ICT complexity to delay opening of Fiona Stanley Hospital
The planned opening of the $2 billion Fiona Stanley Hospital has been delayed by six months due to the complexity of the project, particularly its ICT system, the WA government has announced.
WA Health Minister Kim Hames released a statement yesterday saying the hospital will now open in October 2014, rather than April as planned.
Dr Hames said construction work on the 783-bed hospital was more than 90 per cent complete, but the opening had been postponed “because of the scale and complexity of the project, particularly with the advanced ICT system”.
Delivering the technology has required 48km of communications cabling across five main buildings, covering 150,000 square metres, Dr Hames said.
“Fiona Stanley Hospital is the biggest and most complex public tertiary health facility ever to be built in Western Australia – it will be one of the most technologically advanced hospitals in the nation,” he said.
“It will deliver new levels of patient care and convenience through an extremely complex system that will manage administration, patient information, medical records, communication and patient entertainment.
“For doctors and nurses, that means everything they need to know about a patient can be called up bedside on a single screen – patient records, x-rays, scans, medication management and other vital medical information right at their fingertips.”
The bedside computers will also operate as the patient infotainment system, allowing patients to watch television and movies and access the internet.
“The October timeframe will give us additional time to ensure that every service is tested, trialled and bedded down when Fiona Stanley Hospital opens its doors for patients,” Dr Hames said.
Facilities manager Serco is handling all procurement matters for the hospital on behalf of the WA government, and has been active recently in issuing tenders for electronic medical devices and a prosthetics tracking system.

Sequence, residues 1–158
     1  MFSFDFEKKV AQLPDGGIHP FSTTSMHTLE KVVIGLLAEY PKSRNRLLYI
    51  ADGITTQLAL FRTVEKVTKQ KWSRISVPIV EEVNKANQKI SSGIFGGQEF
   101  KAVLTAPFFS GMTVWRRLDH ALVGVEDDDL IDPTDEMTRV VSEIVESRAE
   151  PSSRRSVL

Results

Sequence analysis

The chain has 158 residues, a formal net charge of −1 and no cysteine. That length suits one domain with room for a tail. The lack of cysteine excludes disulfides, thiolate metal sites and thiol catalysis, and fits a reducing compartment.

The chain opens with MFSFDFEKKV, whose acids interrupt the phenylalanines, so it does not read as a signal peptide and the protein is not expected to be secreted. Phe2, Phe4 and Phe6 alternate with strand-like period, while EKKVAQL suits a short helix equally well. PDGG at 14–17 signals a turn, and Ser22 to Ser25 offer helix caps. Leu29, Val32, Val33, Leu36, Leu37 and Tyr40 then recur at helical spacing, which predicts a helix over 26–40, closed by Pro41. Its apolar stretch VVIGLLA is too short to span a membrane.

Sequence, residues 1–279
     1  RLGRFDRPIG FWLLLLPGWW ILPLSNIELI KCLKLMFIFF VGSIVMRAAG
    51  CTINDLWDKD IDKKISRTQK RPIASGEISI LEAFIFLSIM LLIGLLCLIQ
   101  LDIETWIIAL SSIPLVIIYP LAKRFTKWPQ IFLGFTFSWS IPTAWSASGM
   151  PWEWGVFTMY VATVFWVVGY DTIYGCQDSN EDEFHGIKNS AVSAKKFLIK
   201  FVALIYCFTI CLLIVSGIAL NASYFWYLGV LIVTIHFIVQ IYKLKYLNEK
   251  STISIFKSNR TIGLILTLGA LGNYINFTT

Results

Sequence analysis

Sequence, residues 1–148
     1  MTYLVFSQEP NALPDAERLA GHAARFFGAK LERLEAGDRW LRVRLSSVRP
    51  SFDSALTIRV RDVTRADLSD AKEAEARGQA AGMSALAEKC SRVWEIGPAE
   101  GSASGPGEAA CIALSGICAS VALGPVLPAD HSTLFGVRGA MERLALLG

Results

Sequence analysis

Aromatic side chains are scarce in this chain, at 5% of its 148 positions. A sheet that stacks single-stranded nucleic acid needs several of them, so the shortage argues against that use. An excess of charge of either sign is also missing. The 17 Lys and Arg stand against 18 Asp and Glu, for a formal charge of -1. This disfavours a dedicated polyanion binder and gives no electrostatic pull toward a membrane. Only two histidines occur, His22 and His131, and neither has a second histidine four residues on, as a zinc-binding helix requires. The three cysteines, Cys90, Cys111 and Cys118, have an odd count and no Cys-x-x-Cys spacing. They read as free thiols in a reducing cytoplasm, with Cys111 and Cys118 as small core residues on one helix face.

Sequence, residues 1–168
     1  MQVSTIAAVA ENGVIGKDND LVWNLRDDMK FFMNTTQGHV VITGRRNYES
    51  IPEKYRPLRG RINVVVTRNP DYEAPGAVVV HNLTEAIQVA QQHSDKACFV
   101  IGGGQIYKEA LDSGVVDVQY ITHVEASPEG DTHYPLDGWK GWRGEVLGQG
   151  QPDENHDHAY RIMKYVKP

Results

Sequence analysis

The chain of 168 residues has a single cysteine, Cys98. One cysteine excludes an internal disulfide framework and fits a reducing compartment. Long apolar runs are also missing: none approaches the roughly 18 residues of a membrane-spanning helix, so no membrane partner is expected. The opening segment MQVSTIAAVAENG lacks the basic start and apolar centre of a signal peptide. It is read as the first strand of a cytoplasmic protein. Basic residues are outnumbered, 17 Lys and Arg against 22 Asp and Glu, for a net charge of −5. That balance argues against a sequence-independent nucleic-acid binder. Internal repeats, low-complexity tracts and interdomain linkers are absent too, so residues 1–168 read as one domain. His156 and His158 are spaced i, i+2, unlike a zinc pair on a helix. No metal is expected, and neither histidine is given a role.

It has also issued tenders for a medications management system and some specialist software services, but has yet to issue a tender for the electronic medical record. The hospital is being designed with no traditional medical records facility and is aiming to eventually be completely paperless.
Serco has contracted BT Australasia to design and provide the full communications infrastructure for the hospital. BT is also in charge of systems integration across the building management and facility management systems and the hospital's managed services, including unified communications, mobility and teleconferencing technologies.
BT is building a network infrastructure that will use cabled multi-protocol label switching (MPLS) technology on the campus for fast access, augmented by a Wi-Fi mesh network.
BT Australasia's head of healthcare, Lisa Altman, told Pulse+IT last year that the company will install a WiFi mesh network to support a range of services, including real-time locating systems, robots and automatic guided vehicles for linen and meals.
The hospital is also designed to have full internal and external telehealth capabilities, Ms Altman said.
“We've got video and audio conferencing facilities throughout the hospital, so you can do things like live streaming of surgical procedures to a number of lecture theatres within the hospital but also video transmission outside the hospital as well,” she said.
“The CSIRO is doing really interesting stuff in ophthalmology in WA using satellite ... but if you are getting to a dermatological consult you really need to see the fine grain so high definition video is needed.”
Dr Hames said the technology being used at Fiona Stanley was already in operation on a much smaller scale at the $170 million Albany Health Campus, which opened in May.
Posted in Australian eHealth